House Housing, Human Services & Veterans



Office Location



Peterson, Strom (D) Chair


JLOB 324

(360) 786-7950

Taylor, Jamila (D), Vice Chair


JLOB 418

(360) 868-6290

Bateman, Jessica (D)


LEG 122D

(360) 545-9513

Chopp, Frank (D)


LEG 429A

(360) 786-7920

Leavitt, Mari (D)


JLOB 330

(360) 786-7890

Thai, My-Linh (D)


JLOB 424

(360) 786 - 7926

Senate Housing & Local Government 






Kuderer, Patty (D) Chair


LEG 411

(360) 786-7694

Das, Mona (D) Vice Chair


JAC 230

(360) 786-7692

Cleveland, Annette (D)


JAC 220

(360) 786-7696

Lovelett, Liz (D)


JAC 215

(360) 786-7678

Salomon, Jesse (D)


LEG 404

(360) 786-7662


HHAD 2021 

There's still time to register for #HHAD2021! 

Housing and Homelessness Advocacy Days are almost here! Since the start of the legislative session, we’ve been counting on all of you to take a couple of minutes a week to take action by contacting your state lawmakers about the housing issues you care about. Many of you have taken the time to come to our advocate meetings and have testified for tenant protections, affordable housing, COVID-19 rental assistance relief, and progressive revenue. You've given your time and energy so that you, your family, friends, neighbors, and communities will not face massive evictions. The most recent Census Pulse Household Survey data shows that almost 224,000 people in Washington live in households that were behind on rent in mid-January. 

We have an opportunity next week to show lawmakers that there is a huge housing justice movement that is deeply troubled by what could happen if we do not pass these bills. Show your solidarity with the hundreds of thousands in our state who are experiencing housing and economic instability by registering for #HHAD2021 today! 

Register for #HHAD2021!  The last day to register is Monday, February 8.  


Residents of New Tacoma Apartments, wearing red and listening to a Resident Action Project workshop during HHAD 2020.
They now have their own RAP local organizing chapter that meets weekly to build the housing justice movement. 


What to expect during virtual #HHAD2021: 

A joyful celebration and rally with housing movement advocates! 

Seeing friends from across the state; connecting over values and our common cause! 

Engaging conversations with newly elected lawmakers, many of whom are renters themselves! 

Wear RED for #HHAD2021! (Time to break out your red scarf from last year!) 

American Sign Language, Spanish, and Vietnamese interpretation and closed captioning in English will be available during HHAD program events and lawmaker meetings that have been previously requested. For further questions, email Sarah Cohn, Housing Alliance MSW Intern: 


HHAD at a glance: 

Monday, February 8:   

9:30am-11:30am - #HHAD2021 Welcome Program and Presentations 

11:30am-12n – Optional: Technical support for zoom tech, scheduling, and questions about our legislative agenda and the session 

Monday - Friday, February 8- 12:  

12:00n Monday to 12:00n Friday - Lawmaker meetings with your Legislative District groups 

12:00n Monday to 12:00n Friday - Open zoom breakout rooms for Legislative District Groups to debrief and receive HHAD staff support anytime during the week 

Friday, February 12: 

1:00pm-2:00pm – “Rally for Homes” program including Housing Champion lawmakers and a Call to Action with the Resident Action Project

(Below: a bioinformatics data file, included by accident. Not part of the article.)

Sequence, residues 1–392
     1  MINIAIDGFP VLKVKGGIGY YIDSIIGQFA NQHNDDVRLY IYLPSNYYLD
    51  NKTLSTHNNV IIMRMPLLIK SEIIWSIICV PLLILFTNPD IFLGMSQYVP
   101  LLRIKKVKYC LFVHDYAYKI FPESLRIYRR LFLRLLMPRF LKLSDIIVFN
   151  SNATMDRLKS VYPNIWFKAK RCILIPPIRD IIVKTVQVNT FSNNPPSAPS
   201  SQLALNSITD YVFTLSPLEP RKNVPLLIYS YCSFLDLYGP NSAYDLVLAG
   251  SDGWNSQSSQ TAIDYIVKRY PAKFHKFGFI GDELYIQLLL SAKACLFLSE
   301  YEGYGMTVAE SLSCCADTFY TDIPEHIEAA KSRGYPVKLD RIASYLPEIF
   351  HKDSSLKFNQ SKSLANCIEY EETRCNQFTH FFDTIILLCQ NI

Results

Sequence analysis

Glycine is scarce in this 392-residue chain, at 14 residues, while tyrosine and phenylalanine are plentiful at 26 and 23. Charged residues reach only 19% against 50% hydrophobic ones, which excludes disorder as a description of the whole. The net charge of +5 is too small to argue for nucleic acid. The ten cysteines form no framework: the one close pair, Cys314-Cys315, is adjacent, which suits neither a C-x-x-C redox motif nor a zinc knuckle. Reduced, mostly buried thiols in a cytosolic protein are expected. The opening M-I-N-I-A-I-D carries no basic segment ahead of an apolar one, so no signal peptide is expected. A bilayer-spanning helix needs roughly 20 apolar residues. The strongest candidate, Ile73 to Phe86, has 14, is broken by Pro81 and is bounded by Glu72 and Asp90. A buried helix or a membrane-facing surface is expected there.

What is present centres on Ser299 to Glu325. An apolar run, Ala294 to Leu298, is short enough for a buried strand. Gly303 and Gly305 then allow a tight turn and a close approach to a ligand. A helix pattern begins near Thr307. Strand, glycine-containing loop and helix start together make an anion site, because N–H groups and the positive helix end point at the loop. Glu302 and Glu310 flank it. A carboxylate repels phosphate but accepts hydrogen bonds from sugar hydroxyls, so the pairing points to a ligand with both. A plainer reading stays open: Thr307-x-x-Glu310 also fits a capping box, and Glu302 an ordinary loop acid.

2:00pm-3:00pm – Optional: We want to hear about your HHAD lawmaker meetings! Stick around a little longer and share with staff and other HHAD attendees 

Advocacy Panels: 

“2021 Legislative Agenda and Session Updates”.  Michele Thomas, Director of Policy and Advocacy and Nick Federici, Housing Alliance Lobbyist. Michele and Nick will give you the inside scoop and details on what has been happening in committees and throughout the session. They will offer tips on advocating for important housing bills during this unusual virtual legislative session. To prepare you for your district meetings, they will offer a brief on the Housing Alliance legislative agenda. 

“The Diversion Approach from Practice to Policy: Addressing racial disparity in the homeless system”.  The Washington state Advance Diversion Coaches work to increase the visibility and use of Diversion. Diversion is an approach that assists households in quickly securing temporary or permanent solutions to homelessness outside of the homeless system by supporting creative and cost-effective solutions to meet individual needs. Diversion is intended to increase housing options for historically underserved communities—nearly 75% of those served in King County are Black, Indigenous or people of color (BIPOC) and 67% identify as Black/African American. During this panel you will learn more about how the Coaches promote the key principles of internalized bias and anti-racism, person-centered engagement, and applying “unconditional positive regard” to help shift our systems through practice and policy to be more responsive to the needs of BIPOC communities. 

“COVID-19 and Housing: Stories of intersecting issues that we cannot ignore”. Moderating this panel is Debbie Lacy, CEO and Founder of Eastside for All and lead organizer for Eastside Renters in Crisis, a community advocacy group which centers the experiences and needs of community members most impacted by the affordable housing crisis and COVID-19. Debbie will interview community members, most of whom have given testimonies for housing bills this session. They will share how their housing, health, safety and well-being have been deeply affected by the pandemic and the systems that were ill-equipped well before COVID-19 to support families and individuals during this crisis.